Expression of eNOS and P-eNOS (markers of endothelial NO production and activity) was significantly lower whereas expression of nitrotyrosine (a marker of oxidative stress) was significantly greater in OSA patients than in OSA-free subjects regardless of central adiposity (Figure 1). Expression of eNOS and P-eNOS was significantly lower whereas expression of NFκB (a marker of inflammation) was significantly greater in obese OSA patients than in obese OSA-free subjects. Expression of NFκB was also significantly greater in OSA patients with increased waist circumference and waist to hip ratio than in their OSA-free counterparts (Figure 1). Neither BMI nor central obesity (increased waist circumference or waist to hip ratio) significantly altered protein expression in OSA patients and OSA-free subjects (Figure 1). The effects of obesity on endothelial protein expression were also analyzed with BMI, waist circumference and waist to hip ratio expressed as continuous variables. Endothelial protein expression did not significantly correlate with BMI, waist circumference and waist to hip ratio in OSA patients and OSA-free subjects (Supplemental Figure 1). Expression of eNOS, phosphorylated eNOS, nitrotyrosine and NFκB was similar in obese (BMI≥30 kg/m2) and non-obese study participants (BMI<30 kg/m2) when not stratified by the presence of OSA (p > 0.20 for all).
Brachial artery FMD, an indirect marker of endothelial NO-mediated reactivity, was significantly lower in normal-weight OSA patients than in OSA-free subjects of similar weight. Overweight OSA patients tended to have lower FMD than overweight OSA-free subjects (Figure 2). Patients with OSA and normal or increased waist circumference and normal waist to hip ratio had lower FMD than their OSA-free counterparts (Figure 2). Resting brachial diameter and percent reactive hyperemia after arm cuff deflation were similar in OSA patients and OSA-free subjects. Body mass index, waist circumference and waist to hip ratio did not significantly alter FMD in OSA patients and OSA-free subjects (Figure 2). Brachial artery FMD did not significantly correlate with BMI, waist circumference and waist to hip ratio in OSA patients and OSA-free subjects (Supplemental Figure 2).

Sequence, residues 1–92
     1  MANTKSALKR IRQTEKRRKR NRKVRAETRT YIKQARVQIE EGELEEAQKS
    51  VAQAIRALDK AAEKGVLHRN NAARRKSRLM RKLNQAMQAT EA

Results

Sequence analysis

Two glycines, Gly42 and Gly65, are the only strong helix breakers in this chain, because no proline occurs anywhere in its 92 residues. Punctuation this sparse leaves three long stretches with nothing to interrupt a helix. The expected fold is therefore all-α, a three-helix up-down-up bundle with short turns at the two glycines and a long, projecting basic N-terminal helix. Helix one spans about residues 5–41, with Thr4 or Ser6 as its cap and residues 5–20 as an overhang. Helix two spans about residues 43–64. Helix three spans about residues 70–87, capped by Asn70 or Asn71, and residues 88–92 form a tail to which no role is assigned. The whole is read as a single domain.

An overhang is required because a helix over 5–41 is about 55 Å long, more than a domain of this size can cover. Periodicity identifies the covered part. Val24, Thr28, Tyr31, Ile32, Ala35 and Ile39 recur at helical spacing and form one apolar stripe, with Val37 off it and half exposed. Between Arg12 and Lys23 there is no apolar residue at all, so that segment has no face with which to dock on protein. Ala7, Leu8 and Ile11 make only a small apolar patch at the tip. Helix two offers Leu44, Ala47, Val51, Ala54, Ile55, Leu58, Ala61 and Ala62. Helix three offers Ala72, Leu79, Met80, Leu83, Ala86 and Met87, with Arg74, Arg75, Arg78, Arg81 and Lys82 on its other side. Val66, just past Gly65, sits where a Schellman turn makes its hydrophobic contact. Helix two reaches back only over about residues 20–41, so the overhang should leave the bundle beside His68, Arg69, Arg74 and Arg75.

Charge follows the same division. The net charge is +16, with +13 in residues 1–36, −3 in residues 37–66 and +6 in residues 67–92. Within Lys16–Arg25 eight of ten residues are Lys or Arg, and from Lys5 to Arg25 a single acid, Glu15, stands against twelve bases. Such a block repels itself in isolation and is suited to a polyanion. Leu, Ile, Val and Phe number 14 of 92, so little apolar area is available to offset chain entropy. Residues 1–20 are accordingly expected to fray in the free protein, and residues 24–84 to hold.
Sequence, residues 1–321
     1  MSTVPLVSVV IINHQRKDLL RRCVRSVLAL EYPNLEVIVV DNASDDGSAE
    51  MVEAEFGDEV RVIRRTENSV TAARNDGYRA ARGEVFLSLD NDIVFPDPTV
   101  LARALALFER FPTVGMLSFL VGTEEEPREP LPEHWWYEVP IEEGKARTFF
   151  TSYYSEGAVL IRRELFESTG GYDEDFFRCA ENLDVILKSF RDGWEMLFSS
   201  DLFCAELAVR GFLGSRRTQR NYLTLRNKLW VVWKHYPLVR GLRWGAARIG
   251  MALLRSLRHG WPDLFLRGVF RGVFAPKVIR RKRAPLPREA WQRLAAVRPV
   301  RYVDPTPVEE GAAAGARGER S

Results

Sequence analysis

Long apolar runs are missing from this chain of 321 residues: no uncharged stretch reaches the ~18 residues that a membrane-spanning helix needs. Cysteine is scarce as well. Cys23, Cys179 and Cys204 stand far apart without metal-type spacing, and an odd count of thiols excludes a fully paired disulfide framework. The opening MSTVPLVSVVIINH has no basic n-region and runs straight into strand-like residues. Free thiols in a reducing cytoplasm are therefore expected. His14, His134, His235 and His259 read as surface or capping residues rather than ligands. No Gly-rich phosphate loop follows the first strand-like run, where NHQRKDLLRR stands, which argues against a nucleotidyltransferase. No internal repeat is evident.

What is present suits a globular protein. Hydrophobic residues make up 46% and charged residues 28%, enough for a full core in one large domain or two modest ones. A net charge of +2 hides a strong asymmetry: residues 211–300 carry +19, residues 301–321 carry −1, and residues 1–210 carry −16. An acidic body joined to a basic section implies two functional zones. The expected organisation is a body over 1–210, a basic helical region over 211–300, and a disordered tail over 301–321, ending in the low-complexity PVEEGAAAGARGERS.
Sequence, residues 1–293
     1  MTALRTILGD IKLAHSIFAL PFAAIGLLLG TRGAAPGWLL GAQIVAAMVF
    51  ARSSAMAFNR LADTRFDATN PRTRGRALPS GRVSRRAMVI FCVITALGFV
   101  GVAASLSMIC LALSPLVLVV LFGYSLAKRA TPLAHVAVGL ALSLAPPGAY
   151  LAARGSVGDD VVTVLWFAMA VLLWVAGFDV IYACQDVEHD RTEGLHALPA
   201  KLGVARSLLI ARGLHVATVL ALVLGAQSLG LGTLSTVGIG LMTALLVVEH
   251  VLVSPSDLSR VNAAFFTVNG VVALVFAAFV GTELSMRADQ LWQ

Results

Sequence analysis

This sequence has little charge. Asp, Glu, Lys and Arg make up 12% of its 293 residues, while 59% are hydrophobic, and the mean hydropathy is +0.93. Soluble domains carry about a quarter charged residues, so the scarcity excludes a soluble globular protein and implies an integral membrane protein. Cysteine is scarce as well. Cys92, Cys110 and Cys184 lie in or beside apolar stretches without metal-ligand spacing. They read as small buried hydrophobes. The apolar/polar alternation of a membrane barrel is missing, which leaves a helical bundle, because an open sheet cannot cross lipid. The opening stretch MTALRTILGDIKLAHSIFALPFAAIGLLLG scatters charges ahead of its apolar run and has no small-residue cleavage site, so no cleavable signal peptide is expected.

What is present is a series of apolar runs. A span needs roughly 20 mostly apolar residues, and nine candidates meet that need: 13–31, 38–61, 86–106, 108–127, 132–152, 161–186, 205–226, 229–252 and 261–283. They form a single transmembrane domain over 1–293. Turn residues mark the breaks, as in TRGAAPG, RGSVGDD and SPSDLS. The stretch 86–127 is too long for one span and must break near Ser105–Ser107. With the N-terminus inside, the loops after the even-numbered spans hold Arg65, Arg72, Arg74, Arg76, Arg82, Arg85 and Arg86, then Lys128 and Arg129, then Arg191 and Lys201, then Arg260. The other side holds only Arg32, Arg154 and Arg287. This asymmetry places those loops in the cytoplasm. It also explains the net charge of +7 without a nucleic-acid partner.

Endothelial expression of eNOS and P-eNOS correlated inversely with AHI whereas expression of NFκB and nitrotyrosine correlated directly with AHI after adjustment for age, gender, and adiposity (Figure 3). Similar correlations were noted between baseline protein expression and t<SaO2 90% and SaO2 nadir (p<0.001 for all).